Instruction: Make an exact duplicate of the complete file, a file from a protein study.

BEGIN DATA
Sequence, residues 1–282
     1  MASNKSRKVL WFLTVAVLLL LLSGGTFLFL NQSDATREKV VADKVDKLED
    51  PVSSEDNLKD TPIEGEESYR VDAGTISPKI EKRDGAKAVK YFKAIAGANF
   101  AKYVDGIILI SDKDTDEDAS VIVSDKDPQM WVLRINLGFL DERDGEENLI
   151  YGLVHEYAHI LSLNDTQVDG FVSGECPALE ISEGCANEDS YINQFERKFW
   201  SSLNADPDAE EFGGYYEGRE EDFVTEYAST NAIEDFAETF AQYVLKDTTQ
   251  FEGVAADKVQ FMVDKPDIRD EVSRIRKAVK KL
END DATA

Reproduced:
Sequence, residues 1–282
     1  MASNKSRKVL WFLTVAVLLL LLSGGTFLFL NQSDATREKV VADKVDKLED
    51  PVSSEDNLKD TPIEGEESYR VDAGTISPKI EKRDGAKAVK YFKAIAGANF
   101  AKYVDGIILI SDKDTDEDAS VIVSDKDPQM WVLRINLGFL DERDGEENLI
   151  YGLVHEYAHI LSLNDTQVDG FVSGECPALE ISEGCANEDS YINQFERKFW
   201  SSLNADPDAE EFGGYYEGRE EDFVTEYAST NAIEDFAETF AQYVLKDTTQ
   251  FEGVAADKVQ FMVDKPDIRD EVSRIRKAVK KL